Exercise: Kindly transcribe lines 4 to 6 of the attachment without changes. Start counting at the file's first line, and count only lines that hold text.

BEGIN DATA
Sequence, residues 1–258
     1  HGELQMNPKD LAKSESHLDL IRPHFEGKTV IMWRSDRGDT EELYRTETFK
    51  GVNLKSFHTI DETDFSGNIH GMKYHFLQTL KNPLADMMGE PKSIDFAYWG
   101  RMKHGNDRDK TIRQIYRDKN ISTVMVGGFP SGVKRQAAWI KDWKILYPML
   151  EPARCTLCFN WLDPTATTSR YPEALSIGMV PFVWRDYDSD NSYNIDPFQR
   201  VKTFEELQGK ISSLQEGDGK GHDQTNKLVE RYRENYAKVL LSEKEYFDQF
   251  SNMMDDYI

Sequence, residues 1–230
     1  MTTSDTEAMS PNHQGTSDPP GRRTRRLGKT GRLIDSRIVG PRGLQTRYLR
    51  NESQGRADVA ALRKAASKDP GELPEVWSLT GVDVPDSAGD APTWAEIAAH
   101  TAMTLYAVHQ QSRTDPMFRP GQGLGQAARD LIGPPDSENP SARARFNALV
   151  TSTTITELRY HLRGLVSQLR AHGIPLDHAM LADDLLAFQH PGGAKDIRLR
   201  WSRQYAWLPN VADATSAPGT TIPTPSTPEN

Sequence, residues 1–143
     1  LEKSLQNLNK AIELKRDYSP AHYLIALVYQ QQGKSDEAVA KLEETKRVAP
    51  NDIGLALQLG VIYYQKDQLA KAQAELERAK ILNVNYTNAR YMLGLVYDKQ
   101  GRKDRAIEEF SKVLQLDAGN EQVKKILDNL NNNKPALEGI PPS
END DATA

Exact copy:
   101  RMKHGNDRDK TIRQIYRDKN ISTVMVGGFP SGVKRQAAWI KDWKILYPML
   151  EPARCTLCFN WLDPTATTSR YPEALSIGMV PFVWRDYDSD NSYNIDPFQR
   201  VKTFEELQGK ISSLQEGDGK GHDQTNKLVE RYRENYAKVL LSEKEYFDQF